In other covid-19 news Wednesday:
  • Beshear reported that 571 Kentuckians are hospitalized with covid-19 and 112 of them are in intensive care. Both figures were 2.2% less than Tuesday.
  • The state reported five more deaths from the coroanvirus, bringing its death toll to 724: an 87-year-old woman from Clay County; an 82-year-old man from Graves County; a 77-year-old man from Jefferson County; a 58-year-old woman from Knott County; and a 71-year-old man from McCracken County.
  • Beshear announced that the death rate from the virus has decreased to 2.5%, from 3%.
  • The governor announced that 23 more residents and one more employee in the state’s long-term care facilities have tested positive for the virus. Three more deaths in these facilities have been attributed to covid-19, bringing that total up to 477, including four staff deaths.
  • Counties with more than 10 new cases Wednesday were Jefferson, 231; Fayette, 45; Kenton, 37; Hopkins, 33; Boone, 24; Graves, Logan and Shelby, 22 each; Warren, 21; Adair, 19; Butler, 15; Jackson, 14; Campbell, 13; Edmonson, 12; Grayson, 11; and Oldham, 10.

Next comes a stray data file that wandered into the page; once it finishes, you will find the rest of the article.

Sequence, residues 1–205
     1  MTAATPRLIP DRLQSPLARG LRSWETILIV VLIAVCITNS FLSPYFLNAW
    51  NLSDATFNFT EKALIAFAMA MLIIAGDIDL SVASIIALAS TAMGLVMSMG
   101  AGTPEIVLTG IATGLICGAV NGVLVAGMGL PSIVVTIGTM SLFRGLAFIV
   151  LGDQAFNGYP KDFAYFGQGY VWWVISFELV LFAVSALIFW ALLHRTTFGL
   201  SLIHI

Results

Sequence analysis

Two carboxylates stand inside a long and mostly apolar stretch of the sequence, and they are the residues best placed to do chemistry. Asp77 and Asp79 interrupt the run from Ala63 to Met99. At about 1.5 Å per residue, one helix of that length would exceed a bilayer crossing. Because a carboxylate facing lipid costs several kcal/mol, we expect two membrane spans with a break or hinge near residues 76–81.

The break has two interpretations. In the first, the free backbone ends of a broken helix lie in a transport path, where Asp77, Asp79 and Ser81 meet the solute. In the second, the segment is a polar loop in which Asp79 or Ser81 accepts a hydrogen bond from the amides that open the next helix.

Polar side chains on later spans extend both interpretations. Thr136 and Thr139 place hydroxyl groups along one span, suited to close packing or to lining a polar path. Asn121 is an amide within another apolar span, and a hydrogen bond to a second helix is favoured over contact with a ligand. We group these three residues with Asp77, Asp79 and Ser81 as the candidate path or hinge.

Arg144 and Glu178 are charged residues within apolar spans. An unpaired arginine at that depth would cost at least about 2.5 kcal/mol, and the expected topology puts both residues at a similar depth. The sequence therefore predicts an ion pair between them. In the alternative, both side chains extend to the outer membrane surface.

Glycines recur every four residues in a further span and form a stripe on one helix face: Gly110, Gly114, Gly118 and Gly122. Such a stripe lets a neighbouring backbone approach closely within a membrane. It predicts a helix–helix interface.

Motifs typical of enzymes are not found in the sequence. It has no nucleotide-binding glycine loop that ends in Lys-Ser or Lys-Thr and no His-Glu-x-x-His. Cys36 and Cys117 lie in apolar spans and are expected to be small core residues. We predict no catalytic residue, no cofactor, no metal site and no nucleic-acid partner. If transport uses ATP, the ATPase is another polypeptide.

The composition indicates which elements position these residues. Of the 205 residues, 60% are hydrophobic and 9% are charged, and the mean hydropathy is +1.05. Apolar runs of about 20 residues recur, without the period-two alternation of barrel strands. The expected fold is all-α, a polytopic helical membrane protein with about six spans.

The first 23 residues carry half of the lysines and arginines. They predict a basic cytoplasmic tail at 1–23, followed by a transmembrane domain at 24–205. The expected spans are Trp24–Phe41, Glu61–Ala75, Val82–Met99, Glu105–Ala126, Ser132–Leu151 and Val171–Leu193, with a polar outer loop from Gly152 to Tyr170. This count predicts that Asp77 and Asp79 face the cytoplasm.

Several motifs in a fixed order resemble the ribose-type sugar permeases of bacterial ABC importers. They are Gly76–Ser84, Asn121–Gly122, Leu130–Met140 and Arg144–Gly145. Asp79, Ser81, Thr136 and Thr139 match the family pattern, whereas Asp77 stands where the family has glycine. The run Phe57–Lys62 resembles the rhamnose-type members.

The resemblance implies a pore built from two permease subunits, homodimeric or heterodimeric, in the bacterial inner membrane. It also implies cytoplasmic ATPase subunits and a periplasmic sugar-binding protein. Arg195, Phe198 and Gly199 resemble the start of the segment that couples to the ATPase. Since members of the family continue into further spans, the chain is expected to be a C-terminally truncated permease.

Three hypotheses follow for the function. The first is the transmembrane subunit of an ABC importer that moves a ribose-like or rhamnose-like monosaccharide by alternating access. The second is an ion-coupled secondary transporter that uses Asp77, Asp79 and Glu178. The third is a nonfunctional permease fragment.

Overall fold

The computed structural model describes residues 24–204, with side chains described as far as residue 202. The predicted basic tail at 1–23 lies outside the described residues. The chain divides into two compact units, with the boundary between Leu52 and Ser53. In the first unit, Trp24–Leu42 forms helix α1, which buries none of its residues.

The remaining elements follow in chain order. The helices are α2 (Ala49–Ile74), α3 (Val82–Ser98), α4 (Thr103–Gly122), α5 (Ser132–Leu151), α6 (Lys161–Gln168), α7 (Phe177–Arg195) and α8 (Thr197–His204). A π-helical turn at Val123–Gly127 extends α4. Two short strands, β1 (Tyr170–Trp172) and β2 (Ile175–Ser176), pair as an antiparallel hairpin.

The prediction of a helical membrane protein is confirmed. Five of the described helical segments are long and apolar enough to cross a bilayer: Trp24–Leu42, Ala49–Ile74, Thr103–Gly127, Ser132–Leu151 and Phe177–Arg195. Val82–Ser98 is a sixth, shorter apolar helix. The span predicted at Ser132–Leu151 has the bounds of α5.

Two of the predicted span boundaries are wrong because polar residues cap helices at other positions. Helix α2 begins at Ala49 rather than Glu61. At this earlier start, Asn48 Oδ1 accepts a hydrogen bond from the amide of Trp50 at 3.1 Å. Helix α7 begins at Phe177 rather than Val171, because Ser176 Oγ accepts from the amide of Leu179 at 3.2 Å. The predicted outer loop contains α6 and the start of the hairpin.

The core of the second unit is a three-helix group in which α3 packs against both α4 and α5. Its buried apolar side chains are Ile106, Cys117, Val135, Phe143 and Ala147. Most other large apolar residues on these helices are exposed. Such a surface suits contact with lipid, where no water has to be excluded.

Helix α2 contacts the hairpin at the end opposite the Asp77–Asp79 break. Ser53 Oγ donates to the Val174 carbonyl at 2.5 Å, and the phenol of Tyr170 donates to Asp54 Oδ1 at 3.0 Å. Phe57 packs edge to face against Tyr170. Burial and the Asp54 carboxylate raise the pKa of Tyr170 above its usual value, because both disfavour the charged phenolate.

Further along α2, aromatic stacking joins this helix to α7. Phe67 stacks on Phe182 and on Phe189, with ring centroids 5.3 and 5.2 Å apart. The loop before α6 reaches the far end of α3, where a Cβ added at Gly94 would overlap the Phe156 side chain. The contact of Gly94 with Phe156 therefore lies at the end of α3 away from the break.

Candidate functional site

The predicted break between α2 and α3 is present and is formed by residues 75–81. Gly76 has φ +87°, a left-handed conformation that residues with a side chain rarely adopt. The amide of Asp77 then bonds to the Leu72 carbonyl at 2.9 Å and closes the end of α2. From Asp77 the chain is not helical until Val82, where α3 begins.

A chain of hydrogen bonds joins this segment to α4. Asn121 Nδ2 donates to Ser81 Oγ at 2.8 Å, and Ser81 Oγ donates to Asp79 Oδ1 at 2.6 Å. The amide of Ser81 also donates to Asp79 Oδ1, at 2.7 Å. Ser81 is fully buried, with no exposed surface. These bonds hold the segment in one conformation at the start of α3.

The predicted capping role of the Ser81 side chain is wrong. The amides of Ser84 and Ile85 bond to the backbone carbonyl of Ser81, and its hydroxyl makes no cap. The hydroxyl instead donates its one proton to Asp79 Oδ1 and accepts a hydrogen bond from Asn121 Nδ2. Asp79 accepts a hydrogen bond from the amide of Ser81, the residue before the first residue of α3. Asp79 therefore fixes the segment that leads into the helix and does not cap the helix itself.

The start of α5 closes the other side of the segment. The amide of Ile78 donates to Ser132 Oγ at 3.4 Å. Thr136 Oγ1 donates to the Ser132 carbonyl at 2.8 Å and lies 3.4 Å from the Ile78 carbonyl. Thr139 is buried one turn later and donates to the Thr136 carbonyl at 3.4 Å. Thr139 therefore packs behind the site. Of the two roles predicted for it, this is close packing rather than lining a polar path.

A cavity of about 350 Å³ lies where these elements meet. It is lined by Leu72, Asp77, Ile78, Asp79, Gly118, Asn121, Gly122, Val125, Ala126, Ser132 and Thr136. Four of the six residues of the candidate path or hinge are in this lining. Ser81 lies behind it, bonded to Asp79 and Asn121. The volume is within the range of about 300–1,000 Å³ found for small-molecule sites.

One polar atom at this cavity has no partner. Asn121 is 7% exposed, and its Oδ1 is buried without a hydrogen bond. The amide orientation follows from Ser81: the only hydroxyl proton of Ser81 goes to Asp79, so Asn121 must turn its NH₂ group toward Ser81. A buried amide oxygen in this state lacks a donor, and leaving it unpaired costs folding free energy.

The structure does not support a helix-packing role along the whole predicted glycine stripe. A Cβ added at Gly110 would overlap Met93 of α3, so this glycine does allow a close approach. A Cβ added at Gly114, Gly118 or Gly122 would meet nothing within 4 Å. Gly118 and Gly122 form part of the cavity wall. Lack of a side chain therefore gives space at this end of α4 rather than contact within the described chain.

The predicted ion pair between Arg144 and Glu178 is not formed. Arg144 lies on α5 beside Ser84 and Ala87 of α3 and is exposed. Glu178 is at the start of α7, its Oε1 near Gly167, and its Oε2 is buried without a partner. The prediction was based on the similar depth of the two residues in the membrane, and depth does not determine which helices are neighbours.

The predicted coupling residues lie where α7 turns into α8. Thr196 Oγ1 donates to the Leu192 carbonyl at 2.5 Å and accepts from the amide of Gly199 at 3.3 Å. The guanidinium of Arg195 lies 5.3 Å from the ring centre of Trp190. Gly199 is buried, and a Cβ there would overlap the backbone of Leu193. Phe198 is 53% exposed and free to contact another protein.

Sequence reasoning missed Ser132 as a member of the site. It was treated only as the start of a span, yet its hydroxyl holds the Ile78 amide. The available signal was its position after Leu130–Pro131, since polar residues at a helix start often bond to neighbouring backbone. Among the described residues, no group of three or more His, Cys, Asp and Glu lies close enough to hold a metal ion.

• Beshear announced that in-person unemployment services will be offered in Louisville Aug. 3-7 at United Auto Workers Local 862, 3000 Fern Valley Road. Click here to register.
  • Beshear said the Office of Unemployment Insurance reported another security breach on Monday, though he said officials don’t believe anyone’s financial or credit information has been compromised. He said the individuals whose information was viewed have been notified.
  • J. Michael Brown, secretary of the executive cabinet, said the administration is screening 700 inmates to see if they would qualify for commutation due to then pandemic; he said only those nearing the end of their sentences and are incarcerated for nonviolent, nonsexual offenses are being considered.  Brown said there are 379 active inmate cases of the coronavirus and 53 active staff cases in the state’s correctional facilities. He said 432 inmates and 69 staffers have recovered, and eight inmates have died of covid-19.
  • Health Commissioner Steven Stack posted links on Twitter to “just a handful of articles” about hydroxychloroqine and chloroquine as treatments for covid-19 that show “at this time, medical research has not shown these medications to be meaningfully helpful for this disease.